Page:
New York LLC Formation

An overview of the steps required to form an LLC in New York

The State of New York boasts the 11th largest economy in the world—an attractive economic environment for many new entrepreneurs. New York's financial backdrop—combined with an LLC's structural flexibility, liability benefits, and ability for owners to elect their company's tax status—makes forming a New York LLC a viable and appealing option for new business owners. You can compare the differences between an LLC, C corporation and S corporation on this chart.

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Steps to forming a New York Limited Liability Company

In order to form your LLC in the state of New York, you'll need to file Articles of Organization. This is the state's formation document, laying out the specifics of your business. At minimum, the following information must be laid out:

  • The name of your LLC: This name will be rejected if it is the same or similar to an entity already existing in New York; make sure to check the name for availability before you attempt to file to avoid unnecessary delays. Some words or phrases will not be allowed in your LLC's name under any circumstance: "incorporated," "board of trade," "state trooper," and some other restricted words. Additionally, there are a few words that are allowed to be present in your LLC's name only with permission from specific departments. For example, any educational terminology must be accompanied by specific permission from the Commissioner of Education.
    If you'd like, can perform a business name search to determine the availability of your name.
  • County: The county in which your LLC's office will be located must be listed on the Articles of Organization.
  • Service of Process address: The Secretary of State will act as your LLC's agent for service of process, but you must list an address to which the state will forward copies of any process documents received on your behalf. If your address changes, it's important to notify the state so that they have current address information for your business.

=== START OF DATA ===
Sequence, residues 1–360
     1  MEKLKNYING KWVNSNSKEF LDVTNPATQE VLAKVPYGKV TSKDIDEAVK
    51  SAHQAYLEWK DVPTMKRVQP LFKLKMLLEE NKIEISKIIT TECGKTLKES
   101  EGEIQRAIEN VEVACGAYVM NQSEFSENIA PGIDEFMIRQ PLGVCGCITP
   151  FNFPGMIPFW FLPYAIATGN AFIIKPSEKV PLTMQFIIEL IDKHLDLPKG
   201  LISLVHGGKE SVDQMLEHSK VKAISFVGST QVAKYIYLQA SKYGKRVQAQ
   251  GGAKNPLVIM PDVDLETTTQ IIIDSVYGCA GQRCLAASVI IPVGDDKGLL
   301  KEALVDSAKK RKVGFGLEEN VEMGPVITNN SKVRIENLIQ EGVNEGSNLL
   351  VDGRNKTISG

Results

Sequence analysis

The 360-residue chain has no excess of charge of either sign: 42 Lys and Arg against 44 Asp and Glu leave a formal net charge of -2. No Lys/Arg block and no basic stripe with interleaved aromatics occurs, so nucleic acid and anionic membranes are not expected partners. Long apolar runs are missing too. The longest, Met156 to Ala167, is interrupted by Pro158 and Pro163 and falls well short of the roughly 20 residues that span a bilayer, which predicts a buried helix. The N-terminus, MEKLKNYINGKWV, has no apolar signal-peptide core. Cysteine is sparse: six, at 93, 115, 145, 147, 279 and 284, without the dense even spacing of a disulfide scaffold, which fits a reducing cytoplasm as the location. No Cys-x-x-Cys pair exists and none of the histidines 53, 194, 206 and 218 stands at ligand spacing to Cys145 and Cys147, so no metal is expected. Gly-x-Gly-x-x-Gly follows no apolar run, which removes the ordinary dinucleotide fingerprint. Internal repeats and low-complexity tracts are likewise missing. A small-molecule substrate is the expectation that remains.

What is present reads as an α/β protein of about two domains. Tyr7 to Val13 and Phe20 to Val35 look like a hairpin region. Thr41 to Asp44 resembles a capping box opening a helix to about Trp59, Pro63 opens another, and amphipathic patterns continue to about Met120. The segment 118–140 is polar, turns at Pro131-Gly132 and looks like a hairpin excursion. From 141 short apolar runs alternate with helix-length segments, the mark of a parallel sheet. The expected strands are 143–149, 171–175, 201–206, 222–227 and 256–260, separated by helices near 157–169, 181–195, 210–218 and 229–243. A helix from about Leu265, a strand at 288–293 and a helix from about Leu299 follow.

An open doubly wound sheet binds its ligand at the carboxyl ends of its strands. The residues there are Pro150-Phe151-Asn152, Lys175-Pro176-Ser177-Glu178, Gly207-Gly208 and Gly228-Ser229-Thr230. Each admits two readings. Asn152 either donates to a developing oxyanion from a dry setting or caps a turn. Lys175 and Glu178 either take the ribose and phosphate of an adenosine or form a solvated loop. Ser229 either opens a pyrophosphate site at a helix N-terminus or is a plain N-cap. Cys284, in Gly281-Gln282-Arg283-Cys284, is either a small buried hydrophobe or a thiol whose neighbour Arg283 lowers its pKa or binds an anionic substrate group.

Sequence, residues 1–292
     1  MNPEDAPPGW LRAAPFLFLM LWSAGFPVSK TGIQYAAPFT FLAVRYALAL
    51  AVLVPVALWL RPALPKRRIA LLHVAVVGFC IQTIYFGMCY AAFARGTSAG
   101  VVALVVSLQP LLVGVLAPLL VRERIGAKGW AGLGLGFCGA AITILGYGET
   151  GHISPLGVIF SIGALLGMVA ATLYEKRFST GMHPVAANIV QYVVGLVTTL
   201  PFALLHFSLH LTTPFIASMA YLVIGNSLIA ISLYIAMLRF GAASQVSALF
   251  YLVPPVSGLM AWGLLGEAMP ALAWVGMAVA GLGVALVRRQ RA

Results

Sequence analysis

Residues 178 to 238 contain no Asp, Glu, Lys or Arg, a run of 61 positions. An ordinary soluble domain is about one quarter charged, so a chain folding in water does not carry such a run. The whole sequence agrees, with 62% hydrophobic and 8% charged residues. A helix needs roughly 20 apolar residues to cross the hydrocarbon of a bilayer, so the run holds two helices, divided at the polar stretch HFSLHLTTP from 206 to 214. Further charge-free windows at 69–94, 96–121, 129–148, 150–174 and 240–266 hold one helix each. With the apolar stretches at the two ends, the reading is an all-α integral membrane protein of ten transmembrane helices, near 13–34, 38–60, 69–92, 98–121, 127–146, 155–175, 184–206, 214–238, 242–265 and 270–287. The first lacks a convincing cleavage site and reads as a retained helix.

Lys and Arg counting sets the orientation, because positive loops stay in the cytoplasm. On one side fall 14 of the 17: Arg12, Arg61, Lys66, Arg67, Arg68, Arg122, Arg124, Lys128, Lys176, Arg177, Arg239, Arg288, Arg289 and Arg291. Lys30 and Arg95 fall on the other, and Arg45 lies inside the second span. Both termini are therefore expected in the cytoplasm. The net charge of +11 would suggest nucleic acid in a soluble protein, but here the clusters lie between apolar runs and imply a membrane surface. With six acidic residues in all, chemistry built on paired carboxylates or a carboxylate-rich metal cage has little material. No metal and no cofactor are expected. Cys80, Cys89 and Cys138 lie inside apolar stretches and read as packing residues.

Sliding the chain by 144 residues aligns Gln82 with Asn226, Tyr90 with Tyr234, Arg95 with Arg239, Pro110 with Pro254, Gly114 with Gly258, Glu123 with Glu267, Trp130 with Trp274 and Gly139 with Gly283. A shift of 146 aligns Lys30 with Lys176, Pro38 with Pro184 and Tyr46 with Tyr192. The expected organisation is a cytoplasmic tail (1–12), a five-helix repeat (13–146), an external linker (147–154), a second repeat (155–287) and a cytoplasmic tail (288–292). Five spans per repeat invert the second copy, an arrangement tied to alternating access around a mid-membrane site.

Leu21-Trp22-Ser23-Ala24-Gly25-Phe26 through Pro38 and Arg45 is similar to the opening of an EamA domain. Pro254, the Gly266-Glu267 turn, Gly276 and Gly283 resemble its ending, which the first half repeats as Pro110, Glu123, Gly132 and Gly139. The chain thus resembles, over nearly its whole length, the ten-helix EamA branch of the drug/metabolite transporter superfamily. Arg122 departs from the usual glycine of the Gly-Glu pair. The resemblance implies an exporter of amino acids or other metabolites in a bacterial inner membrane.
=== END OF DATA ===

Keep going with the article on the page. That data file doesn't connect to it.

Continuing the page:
• Organizer: The person who executed the Articles of Organization (who can be a member of the LLC but is not required to be) must sign the Articles.
  • Filer: The person who submitted the Articles for filing must provide their name and address—this is the person to whom the Department of State will issue a filing receipt. The filing receipt is a document that lays out your filing information (filing date, the address of the person who will accept service of process, the filing fee amount paid, and so on). The state will not duplicate or replace this filing receipt for any reason (unless you can prove the filing receipt was lost in the mail before it reached you, which is difficult), so make sure you file it away somewhere safe upon receipt.

If you choose, you can also receive a copy of your filed Articles of Organization, which will contain your filing number. It costs an additional $5, paid at the time of filing, to receive the copy of your Articles—$10, if you'd like that copy to contain a page certifying that the document is a true copy of the Articles that were filed.

Additional Requirements for Forming an LLC in New York

In addition to the Articles of Organization (the formation documents of an LLC), there are a few other requirements. Your LLC must have an operating agreement on file, which can be adopted any time prior to or during the formation of the business but no more than 90 days after the formation. This document lays out the responsibilities of the members, the liabilities of those members, and the rights and powers the members hold as far as operating the business. You do not need to file this document with the state, but Section 417 of the Limited Liability Company Law specifies that your LLC must have it on file.

You'll also need to publish notice of your filing in two newspapers in your county. Your County Clerk will advise you as to which two papers you should publish notice in. Once those notices have been published, you'll need to send proof of each publication to the New York Department of State along with a $50 filing fee.

Other Types of Businesses in New York

For information on other types of businesses in New York, please explore the links below.

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